Study: Poor Sleep Causes Eyewitnesses To Accuse Innocent People After Crimes
EAST LANSING, Mich. — A good night’s sleep might prevent an innocent person from being accused of a crime.
According to a recent study out of Michigan State University, if an eyewitness gets some rest before being shown a lineup of suspects, they are significantly less likely to pick an innocent person. The researchers note this is important as about 70 percent of wrongful convictions in the United States result from incorrect eyewitness testimony.
“It’s concerning that more people aren’t making the correct decision during lineups; this suggests our memories are not super accurate and that’s a problem when you’re dealing with the consequences of the criminal justice system,” says study lead author Michelle Stepan in a press release. “Putting someone in jail is a big decision based on somebody’s memory of a crime.”
Working alongside MSU professor Kimberly Fenn, Stepan began the study by having some 200 people watch a video of a man planting a bomb on a rooftop. Twelve hours later, participants viewed one of two lineups: one included the man in the video, one did not.
One group of study participants viewed the lineups in the evening after watching the video in the morning. The other group viewed the lineups in the morning, after viewing the video at night and subsequently getting sleep.
The results? When shown the lineup without the perpetrator, participants who had slept picked an innocent person as the criminal 42 percent of the time. While this is a disturbingly high percentage, it pales in comparison to the participants who had not slept, as they fingered an innocent person 66 percent of the time.
In the lineup that did include the actual perpetrator, the two groups fared about the same — picking an innocent subject around 50 percent of the time.
According to MSU, Stepan, a doctoral student in psychology, said the experiment is the first scientific investigation of how sleep affects eyewitness memory of a crime.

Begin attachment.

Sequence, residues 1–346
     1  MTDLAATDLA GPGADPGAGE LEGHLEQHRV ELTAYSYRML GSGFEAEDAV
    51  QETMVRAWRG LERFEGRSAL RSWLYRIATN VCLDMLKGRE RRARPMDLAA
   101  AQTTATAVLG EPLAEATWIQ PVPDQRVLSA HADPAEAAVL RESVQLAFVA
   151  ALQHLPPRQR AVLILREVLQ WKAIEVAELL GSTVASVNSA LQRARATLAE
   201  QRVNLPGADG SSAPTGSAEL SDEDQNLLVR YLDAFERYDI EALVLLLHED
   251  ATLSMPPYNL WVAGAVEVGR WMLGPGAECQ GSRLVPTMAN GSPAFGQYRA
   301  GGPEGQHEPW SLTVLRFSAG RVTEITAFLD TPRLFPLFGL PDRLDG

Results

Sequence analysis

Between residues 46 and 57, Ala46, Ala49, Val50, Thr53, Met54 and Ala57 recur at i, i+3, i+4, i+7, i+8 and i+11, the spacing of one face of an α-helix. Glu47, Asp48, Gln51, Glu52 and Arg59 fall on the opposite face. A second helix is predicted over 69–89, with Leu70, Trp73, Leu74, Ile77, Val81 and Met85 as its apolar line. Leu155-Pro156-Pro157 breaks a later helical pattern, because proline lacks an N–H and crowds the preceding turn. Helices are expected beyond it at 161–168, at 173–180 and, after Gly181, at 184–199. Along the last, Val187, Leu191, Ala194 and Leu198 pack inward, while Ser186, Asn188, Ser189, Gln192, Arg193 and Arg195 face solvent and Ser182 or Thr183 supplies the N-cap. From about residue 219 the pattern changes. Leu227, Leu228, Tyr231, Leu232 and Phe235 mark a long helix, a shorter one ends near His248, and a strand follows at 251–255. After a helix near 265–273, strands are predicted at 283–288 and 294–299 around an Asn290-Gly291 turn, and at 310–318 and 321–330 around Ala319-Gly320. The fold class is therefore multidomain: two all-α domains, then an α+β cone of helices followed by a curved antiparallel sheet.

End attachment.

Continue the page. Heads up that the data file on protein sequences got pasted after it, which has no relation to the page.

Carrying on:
However, in 2014, researchers conducted an experiment in which participants were shown photographs, such as a wallet being stolen. The participants either had a full night’s sleep or no sleep at all. The participants then read narratives describing the photographs with some deliberately misleading information included.
“We found that the participants who were sleep deprived were significantly more likely to incorporate parts of the misleading narratives into their memories for the photographs,” says researcher Steven Frenda in an article for The Dana Foundation.
Now an assistant professor at California State University, Frenda remains focused on similar work. At the time of their experiment on sleep and eyewitness testimony, he was working under Elizabeth Loftus, a professor of cognitive science and law at the University of California at Irvine.
A leading authority on the fallibility of memory, especially related to crime, Loftus said that 2014 experiment also had important implications for the justice system.
“This study makes me think about these grueling interrogations of suspects, which are known to go on for hours and hours into the wee hours of the morning. Those kinds of interrogations may ultimately lead to false memories or false confessions,” she says in The Dana Foundation article. “And I think law enforcement needs to be aware of this situation and maybe take extra steps to make sure not to do anything that is leading or misleading under those circumstances.”
Speaking of the more recent MSU study, Fenn likewise emphasized the importance of rest for eyewitnesses.
“In other words,” Fenn says, “sleep may not help you get the right guy, but it may help you keep an innocent individual out of jail.”
The MSU research team says their findings have since been replicated and they are continuing to conduct experiments exploring the effects of sleep on eyewitness memory.
According to The Innocence Project, eyewitness misidentification is the leading cause of wrongful convictions in the United States.
The MSU study findings were published recently in the journal PLOS ONE.
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